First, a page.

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Unity Island becomes official name of Niagara River plot

The name Squaw Island is firmly in the past, after Mayor Byron W. Brown signed a bill Monday ratifying the Common Council’s unanimous decision to rename it Unity Island – or Ga’nigo:i:yoh (pronounced ga’-nego-e-yah) Island in the Seneca language.

Attending the bill-signing ceremony in the mayor’s office were Maurice A. John Sr., president of the Seneca Nation of Indians, and North District Council Member Joseph A. Golombek Jr., who worked with members of the community on the name change.

Brown said he was “honored and proud” to sign legislation establishing the new name.

“It honors the legacy of our Native American brothers and sisters who are forever tied to our city and our region. It continues the national dialogue to support cultural tolerance and respect for diversity,” said Brown.

He added that the name change “reflects the unity that we continue to build in Buffalo.”

“It’s one reason I suggested the name Unity Island, which was quickly embraced,” added Brown, who unveiled the name in his State of the City address after some had proposed restoring the original Seneca name, which translated as Divided Island.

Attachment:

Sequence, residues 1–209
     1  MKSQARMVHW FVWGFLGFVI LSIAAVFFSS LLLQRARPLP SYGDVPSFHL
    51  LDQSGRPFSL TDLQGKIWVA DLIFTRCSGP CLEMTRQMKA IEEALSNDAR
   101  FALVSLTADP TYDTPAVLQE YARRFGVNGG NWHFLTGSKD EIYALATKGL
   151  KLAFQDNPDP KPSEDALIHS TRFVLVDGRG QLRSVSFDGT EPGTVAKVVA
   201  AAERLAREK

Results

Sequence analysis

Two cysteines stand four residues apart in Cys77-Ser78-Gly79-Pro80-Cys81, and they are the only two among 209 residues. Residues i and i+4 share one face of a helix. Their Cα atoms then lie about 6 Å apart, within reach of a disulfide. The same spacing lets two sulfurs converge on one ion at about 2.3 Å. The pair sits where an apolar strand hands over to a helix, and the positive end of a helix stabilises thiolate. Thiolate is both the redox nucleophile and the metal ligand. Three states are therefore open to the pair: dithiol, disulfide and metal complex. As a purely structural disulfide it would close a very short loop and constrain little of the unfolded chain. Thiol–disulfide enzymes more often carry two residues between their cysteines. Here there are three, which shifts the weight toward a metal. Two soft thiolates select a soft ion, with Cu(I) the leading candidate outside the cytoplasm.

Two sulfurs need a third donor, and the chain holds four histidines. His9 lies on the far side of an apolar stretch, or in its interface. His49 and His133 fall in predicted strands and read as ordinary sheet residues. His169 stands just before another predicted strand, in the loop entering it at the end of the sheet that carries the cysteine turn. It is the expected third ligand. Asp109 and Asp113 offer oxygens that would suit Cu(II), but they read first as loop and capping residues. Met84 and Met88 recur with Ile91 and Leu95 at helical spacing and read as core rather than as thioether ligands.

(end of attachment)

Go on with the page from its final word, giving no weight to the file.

The Council two weeks ago voted 9-0 to change the name, following a public hearing at which members of the Seneca Nation of Indians and others appealed to lawmakers after nearly two years of petitioning for the change.

Over that time, Golombek worked with advocates of a new name for the 60-acre park separating the Niagara River from the Black Rock Canal just north of Broderick Park.

“We proposed going back to the original name, which was Divided Island, which I sort of liked better than the mayor because I’m an old history guy and I like the historical name,” Golombek said.

“The mayor thought Unity Island was a better name and I understood why. It’s a new day and a new age and people are coming together,” he added.

John thanked the mayor “on behalf of the Seneca Nation, all Native women and women in general.”

During the public hearing two weeks ago in Council chambers, John said the use of the term “squaw” is not only racist, but a disrespectful slur toward Native American women.

With the name change, “we are definitely making a historic statement,” John said Monday.

Brown also lauded Golombek for taking the lead in championing the issue. The Council member acknowledged that the name change was not universally popular, but said it was the right thing to do.

“I think that what we need to do is we need to educate people on terminology and why certain things are offensive to a large number of people in the community,” Golombek said.

Deputy Commissioner of Parks and Recreation Andy Raab said crews have begun removing existing signs with the name Squaw Island in anticipation new signage that will soon go up. Information about the cost of replacing the signs was not available Monday.